I'm a keen birder and photographer living in Ventnor, on the south coast of the Isle of Wight, and regularly bird the environs of the village in the hope of bumping into something unusual. On 21 March I decided to take one of my regular walks along the seawall from Ventnor to Bonchurch. It was a dull afternoon so I decided not to take my camera with me, instead opting just for binoculars (something I later regretted). The sea defence wall is backed by chalk cliffs with scrub, including brambles and various interesting plants.
While walking I was aware of a largish bird hopping in and out of a patch of brambles to my left. It was quite close, so gave me a good view through the 'bins', allowing me to note the plumage. With a long tail, spotted upperparts, slight crest and creamy throat fading to white underparts, it was a really striking-looking bird. It stayed for a few minutes, then flew off around the corner to the east.
John's find represented the second record of the species for the Isle of Wight (John Sturt).
I didn't stay around but turned back quickly to the car to consult my Collins Bird Guide, which confirmed that I'd seen a Great Spotted Cuckoo. That afternoon I posted the sighting on our local birding website. This brought about a reaction from some local birders who I (mistakenly) failed to tell of my find! Being a relatively novice birder by their standards, I was not at the time aware of the significance of this rarity. I didn't realise that it was the only one in the country at the time − and only the second-ever sighting on the Isle of Wight.
By next morning the word was out. From 6 am onwards there was a flurry of lenses, binoculars and telescopes making their way along the seawall, constituting a mega twitch for the island. Fortunately, the bird was still around and in fact it remained into April, feeding on Brown-tail Moth caterpillars. And in the latter days of its stay, it started moving up the cliff face to feed on the caterpillars of an Isle of Wight speciality − Glanville Fritillary. A change of menu, I guess!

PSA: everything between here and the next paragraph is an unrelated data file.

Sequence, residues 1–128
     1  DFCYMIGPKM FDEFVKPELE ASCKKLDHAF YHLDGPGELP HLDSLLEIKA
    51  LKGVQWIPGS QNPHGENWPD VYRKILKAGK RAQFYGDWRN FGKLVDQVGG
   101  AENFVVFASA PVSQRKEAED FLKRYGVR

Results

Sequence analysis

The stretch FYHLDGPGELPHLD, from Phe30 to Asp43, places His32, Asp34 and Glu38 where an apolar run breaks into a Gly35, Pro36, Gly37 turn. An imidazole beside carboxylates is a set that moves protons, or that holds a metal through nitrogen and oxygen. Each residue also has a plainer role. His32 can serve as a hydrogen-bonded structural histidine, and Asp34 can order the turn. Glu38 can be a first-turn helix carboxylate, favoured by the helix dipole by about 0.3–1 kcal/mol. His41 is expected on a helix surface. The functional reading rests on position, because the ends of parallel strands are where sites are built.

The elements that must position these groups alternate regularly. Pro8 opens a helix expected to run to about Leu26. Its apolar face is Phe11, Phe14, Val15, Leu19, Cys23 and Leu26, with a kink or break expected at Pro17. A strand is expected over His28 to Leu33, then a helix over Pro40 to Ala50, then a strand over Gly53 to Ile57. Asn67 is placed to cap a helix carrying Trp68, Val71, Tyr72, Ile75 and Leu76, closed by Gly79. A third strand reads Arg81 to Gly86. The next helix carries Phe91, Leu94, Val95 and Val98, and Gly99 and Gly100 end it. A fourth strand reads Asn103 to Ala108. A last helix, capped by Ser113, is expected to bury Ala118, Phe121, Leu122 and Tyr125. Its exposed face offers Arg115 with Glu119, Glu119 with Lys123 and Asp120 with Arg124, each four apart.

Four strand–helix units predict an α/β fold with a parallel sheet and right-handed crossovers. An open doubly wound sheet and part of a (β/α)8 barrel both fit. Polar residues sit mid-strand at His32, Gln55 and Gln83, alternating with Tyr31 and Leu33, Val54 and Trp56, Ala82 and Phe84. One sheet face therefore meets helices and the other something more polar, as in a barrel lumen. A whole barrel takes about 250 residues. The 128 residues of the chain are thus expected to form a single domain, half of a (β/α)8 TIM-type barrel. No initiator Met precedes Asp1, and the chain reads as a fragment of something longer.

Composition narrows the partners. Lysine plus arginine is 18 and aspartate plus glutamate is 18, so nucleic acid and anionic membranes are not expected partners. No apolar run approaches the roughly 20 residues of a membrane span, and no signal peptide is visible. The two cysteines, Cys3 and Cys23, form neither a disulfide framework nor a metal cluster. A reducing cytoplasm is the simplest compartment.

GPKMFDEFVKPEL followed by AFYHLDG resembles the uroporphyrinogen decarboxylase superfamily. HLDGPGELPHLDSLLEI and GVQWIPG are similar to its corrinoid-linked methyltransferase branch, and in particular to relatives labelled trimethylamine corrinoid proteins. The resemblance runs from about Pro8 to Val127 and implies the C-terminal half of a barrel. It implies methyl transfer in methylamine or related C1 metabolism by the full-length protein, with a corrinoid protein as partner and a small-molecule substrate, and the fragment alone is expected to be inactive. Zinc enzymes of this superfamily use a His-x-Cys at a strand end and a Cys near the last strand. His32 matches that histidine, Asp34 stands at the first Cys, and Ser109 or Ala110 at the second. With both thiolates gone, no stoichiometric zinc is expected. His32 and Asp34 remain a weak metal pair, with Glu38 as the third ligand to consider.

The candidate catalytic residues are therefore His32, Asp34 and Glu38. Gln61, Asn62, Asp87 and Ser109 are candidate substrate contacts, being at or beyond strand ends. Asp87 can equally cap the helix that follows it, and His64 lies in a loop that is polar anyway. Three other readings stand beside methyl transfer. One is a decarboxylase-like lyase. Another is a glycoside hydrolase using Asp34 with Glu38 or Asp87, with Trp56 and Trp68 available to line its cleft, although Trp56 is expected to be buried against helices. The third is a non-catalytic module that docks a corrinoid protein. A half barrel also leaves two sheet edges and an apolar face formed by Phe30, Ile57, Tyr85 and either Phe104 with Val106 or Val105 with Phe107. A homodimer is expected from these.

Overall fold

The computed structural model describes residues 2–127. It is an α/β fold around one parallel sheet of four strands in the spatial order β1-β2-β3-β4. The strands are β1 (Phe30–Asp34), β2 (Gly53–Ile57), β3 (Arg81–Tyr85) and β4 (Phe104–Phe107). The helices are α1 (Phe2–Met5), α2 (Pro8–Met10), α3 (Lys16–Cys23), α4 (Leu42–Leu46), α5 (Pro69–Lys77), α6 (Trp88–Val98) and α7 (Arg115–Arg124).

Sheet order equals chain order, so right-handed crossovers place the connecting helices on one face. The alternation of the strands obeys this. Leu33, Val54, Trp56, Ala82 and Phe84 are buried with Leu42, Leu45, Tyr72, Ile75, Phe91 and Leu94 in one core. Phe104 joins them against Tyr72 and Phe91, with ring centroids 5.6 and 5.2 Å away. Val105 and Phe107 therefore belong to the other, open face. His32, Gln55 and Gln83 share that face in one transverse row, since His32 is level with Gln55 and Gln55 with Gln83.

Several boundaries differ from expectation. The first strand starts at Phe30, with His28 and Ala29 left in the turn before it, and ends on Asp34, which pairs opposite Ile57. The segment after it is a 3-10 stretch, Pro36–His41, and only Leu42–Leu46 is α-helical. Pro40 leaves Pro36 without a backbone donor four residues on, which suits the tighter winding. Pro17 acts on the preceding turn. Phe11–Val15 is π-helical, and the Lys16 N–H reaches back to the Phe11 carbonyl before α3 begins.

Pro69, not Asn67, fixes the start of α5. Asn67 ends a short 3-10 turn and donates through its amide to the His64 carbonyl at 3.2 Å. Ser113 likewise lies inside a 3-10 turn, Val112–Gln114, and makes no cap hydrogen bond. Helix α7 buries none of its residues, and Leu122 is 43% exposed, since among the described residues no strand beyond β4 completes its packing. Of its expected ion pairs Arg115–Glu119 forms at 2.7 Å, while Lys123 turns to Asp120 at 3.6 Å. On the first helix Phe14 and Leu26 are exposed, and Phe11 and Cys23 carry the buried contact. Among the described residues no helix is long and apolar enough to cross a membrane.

The overshooting cuckoo found a healthy supply of food, though unfortunately it largely consisted of Glanville Fritillary caterpillars, a highly localised and very rare butterfly. It often fed metres away from onlookers, with Brown-tail Moth caterpillars also forming part of its diet (Andrew Jordan).
I've learnt my lesson for any future rarity finds: I will make sure I find another birder to share the sighting with at the time, in case the next rare bird disappears for good. That and remember my camera! Two of my fellow local birders were quick to inform me that if the bird had gone that day and they hadn't seen it, I would have taken an involuntary swim off the seawall! However, they've forgiven me now ... it's been a great experience and nice to meet visiting birders, many of whom were happy to shake my hand and thank me for the find.
The Great Spotted Cuckoo arguably looked even more spectacular in flight (Nick Truby).
The protracted stay of the Great Spotted Cuckoo (from 21 March-18 April 2019) meant that large numbers of birders paid a visit to the isle, many for the first time (John Sturt).
Stats & facts
Great Spotted Cuckoo is a summer visitor to the Mediterranean Basin, where it breeds commonly in Iberia and less numerously across France, Italy, the Balkans and Turkey east to Asia Minor. It arrives early, sometimes even in January, departing south to its wintering grounds in sub-Saharan Africa in mid-summer. As such, most records in Britain and Ireland occur in early spring, with March and April the peak months for arrival. Spring 2019 has so far produced three records, including the joint-earliest-ever record at Ballycroneen, Co Cork, on 15 February. Cornwall and Norfolk are the best counties in which to see it, with 10 and nine accepted records respectively, although the latter county's 10th was well watched at Weybourne in May 2019 (yet to be submitted/accepted).